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Testing Magika

Google recently announced the release of Magika, an “AI-powered file-type identification system”. I tested this on a corpus of nearly 125k files to see how it fared.

Why?

File type detection is useful in a number of places, such as:

  • Anti-spam - detecting unwanted attachments, for example those with executable content.
  • Website uploads - allowing certain types of content whilst avoiding others.
  • Malware reverse engineering - determining what actions to run on a particular file.

Some of these use cases are speed sensitive. For example anti-spam measures typically need to run within the SMTP session (e.g. in seconds) and users want timely feedback when uploading documents to a website. Others are more forgiving, and can potentially run in a slower pipeline.

Tools for file type identification have been around for a long time, for example TRiD and file. I was specifically interested in Magika as a new approach to a problem that has various challenges. It also has a Python API, making it easy to build into other tools.

The test bench

All tests below were run inside a virtual machine on commodity hardware. The VM had access to 2 cores of an Intel CPU1 and 2GB RAM. The files were stored on a consumer solid-state drive.

This environment was chosen purposefully. It would be cheap and easy to spin up a powerful cloud compute instance with 16 cores and thousands of IOPs2. However, accurate and fast detection of file types is useful in lots of places, including on laptops and in containerised workflows.

All tests were repeated a small number of times, to minimise the effects of caching or other system load. No significant deviation from the figures below was observed, but the results are not presented as scientific.

The corpus

The files chosen for testing are attachments collected over the past few years from a spam sinkhole. The data totalled 6.1GB in 124,791 files. File sizes are dominated by two buckets at 16KB-32K and 64KB-128KB, as seen below.

All files are named with their SHA256 hash - none have file extensions or any other metadata that might be useful for type detection.

Using file

Before testing Magika it’s helpful to have a baseline. The virtual machine used has file version 5.443.

Running file takes just over a minute across the data4:

$ time find . -type f | file --extension -f - > ~/magic-results.txt
15.56s user 7.31s system 29% cpu 1:16.85 total

As the corpus comes from spam email it’s no surprise that ~98% are PDF files according to file (122,768 total).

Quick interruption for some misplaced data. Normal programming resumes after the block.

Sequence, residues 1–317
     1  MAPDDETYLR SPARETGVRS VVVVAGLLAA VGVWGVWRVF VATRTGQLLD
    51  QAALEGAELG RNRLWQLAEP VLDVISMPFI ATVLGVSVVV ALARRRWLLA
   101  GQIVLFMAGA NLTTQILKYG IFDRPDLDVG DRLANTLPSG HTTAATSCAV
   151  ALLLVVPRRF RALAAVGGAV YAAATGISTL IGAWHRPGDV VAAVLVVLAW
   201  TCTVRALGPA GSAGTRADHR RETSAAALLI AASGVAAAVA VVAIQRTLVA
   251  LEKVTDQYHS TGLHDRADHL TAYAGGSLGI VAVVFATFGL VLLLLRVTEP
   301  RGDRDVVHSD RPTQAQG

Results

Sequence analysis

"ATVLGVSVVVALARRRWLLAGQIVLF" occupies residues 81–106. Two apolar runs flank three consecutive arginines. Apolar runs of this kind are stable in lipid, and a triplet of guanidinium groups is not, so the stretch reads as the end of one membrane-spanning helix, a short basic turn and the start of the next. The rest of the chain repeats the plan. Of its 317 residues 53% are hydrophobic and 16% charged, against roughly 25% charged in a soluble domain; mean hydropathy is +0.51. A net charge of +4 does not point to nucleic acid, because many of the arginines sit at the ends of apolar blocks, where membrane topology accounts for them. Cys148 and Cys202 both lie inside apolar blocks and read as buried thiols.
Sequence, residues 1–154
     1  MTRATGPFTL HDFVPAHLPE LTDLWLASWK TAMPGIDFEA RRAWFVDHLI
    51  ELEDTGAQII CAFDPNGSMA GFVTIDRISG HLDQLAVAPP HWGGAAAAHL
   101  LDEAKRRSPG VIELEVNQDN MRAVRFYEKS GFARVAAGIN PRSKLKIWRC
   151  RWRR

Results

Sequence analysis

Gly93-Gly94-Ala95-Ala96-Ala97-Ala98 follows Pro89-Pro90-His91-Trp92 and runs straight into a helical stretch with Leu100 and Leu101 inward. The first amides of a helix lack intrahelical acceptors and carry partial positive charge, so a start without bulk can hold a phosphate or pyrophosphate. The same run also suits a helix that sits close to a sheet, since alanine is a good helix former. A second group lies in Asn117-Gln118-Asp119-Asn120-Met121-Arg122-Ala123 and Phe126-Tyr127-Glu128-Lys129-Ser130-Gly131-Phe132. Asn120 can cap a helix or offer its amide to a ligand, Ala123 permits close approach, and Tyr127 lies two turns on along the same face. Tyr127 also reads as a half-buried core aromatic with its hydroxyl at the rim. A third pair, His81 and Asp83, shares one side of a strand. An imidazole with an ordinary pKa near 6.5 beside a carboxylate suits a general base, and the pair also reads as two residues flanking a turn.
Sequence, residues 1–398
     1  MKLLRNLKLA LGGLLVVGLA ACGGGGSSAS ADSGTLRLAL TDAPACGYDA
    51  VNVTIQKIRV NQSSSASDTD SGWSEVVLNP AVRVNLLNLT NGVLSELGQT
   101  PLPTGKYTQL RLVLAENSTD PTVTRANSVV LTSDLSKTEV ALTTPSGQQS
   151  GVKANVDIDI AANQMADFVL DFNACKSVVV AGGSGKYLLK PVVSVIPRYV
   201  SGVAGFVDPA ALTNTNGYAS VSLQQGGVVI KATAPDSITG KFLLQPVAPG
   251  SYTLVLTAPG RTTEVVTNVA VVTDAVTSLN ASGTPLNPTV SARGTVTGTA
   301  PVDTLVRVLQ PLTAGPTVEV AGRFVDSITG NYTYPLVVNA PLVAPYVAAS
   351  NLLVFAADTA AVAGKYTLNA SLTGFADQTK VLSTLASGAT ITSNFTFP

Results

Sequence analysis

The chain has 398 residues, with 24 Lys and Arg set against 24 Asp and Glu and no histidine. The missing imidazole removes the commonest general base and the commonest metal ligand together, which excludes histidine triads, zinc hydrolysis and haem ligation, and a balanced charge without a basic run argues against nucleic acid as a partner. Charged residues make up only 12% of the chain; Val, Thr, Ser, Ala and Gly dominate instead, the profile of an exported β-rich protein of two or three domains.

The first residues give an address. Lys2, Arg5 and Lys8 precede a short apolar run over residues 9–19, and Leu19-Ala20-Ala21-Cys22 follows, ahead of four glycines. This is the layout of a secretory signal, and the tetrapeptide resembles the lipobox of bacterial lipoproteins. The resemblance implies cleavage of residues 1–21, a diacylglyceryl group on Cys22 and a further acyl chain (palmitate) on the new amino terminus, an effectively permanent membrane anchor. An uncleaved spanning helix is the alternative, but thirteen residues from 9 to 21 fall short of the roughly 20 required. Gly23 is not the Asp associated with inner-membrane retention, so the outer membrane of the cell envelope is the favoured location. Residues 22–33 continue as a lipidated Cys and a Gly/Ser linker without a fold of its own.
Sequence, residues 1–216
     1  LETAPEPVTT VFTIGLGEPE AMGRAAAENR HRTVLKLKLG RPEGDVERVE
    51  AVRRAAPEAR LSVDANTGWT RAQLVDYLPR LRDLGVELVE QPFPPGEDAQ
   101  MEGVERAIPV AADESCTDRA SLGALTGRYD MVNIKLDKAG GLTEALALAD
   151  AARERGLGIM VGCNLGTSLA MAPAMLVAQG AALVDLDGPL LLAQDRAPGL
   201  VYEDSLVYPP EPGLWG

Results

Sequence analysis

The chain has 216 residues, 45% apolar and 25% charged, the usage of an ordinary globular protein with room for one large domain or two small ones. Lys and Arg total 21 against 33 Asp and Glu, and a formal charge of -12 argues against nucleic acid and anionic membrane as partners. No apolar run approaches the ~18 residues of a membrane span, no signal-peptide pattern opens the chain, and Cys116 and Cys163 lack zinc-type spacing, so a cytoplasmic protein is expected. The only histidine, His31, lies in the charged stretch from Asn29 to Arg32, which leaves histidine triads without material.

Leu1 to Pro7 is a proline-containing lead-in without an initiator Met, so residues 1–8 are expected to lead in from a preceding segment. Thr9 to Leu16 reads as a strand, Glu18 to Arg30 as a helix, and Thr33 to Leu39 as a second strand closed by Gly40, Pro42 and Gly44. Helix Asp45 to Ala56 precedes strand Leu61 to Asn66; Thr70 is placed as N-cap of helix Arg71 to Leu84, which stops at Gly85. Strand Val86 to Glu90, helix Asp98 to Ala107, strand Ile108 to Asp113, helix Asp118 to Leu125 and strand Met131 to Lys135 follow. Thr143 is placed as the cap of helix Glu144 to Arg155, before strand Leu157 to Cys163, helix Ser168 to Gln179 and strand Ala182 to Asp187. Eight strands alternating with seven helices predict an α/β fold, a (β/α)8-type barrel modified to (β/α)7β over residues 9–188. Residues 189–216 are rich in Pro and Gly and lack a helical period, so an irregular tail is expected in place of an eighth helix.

Excluding the PDF files, the suggestion from file for the remainder is:

Values marked ??? are outliers that I chose not to correct when compiling the statistics. The majority of these are ZIP files which file correctly identified. However, file did not suggest an extension. This may or may not be relevant to a specific use-case for file type detection.

Using Magika

For the tests I used Magika version 0.5.1 with the model standard_v1 (the latest at the time of writing). The model has labels for 115 content types, plus an extra labelled unknown. In contrast the version of file used for testing has a magic database with approximately 3,549 patterns across 2,738 file types5.

Running the magika executable takes 22 minutes:

$ magika -r . --json > ~/magika-results.json
2203.23s user 20.81s system 166% cpu 22:19.53 total

Some of the speed difference can likely be explained by the implementation of Magika in Python, rather than C. Many of the underlying libraries such as numpy are C code but the transition from Python to C will prove to be a bottleneck. However, this is ~17x slower than file - a significant difference.

An example of the JSON output from Magika is shown below.

{
  "path": "<filename>",
  "dl": {
    "ct_label": "outlook",
    "score": 0.4435848295688629,
    "group": "application",
    "mime_type": "application/vnd.ms-outlook",
    "magic": "CDFV2 Microsoft Outlook Message",
    "description": "MS Outlook Message"
  },
  "output": {
    "ct_label": "unknown",
    "score": 0.4435848295688629,
    "group": "unknown",
    "mime_type": "application/octet-stream",
    "magic": "data",
    "description": "Unknown binary data"
  }
}

Native JSON output is very convenient and easy to parse, including at the command line with tools like jq.

In the example above the file was detected by the model as an email message in Outlook format. However, the confidence score of 44.36% was not high enough and the match was not reported. The --prediction-mode option can be used to change this.

Ignoring PDF files, Magika provided a suggestion for all except 11 files. One of these was an empty file which was accidentally included in the corpus and discovered during testing6.

A chart of the confidence intervals is shown below. This chart was generated from the 2,022 files which were not detected as PDF. The values are scaled to percentages and exclude files where score was 1 / 100%.

The confidence intervals are weighted toward the higher end, but as noted below there are occasions when Magika is confidently wrong.

Unclassified files

The files not classified by Magika were:

  • 7 ACE archives which are detected by file (see note below on this format).
  • 1 file in BlakHole archive data format which is detected by file.
  • 2 PDFs where the %PDF- header does not appear at the start of the file. Neither are detected by file.

Drilling into the differences

In many cases I found that file agreed with Magika. In some cases there were discrepancies due to the challenge of distinguishing between similar files, for example text vs. HTML vs. Javascript.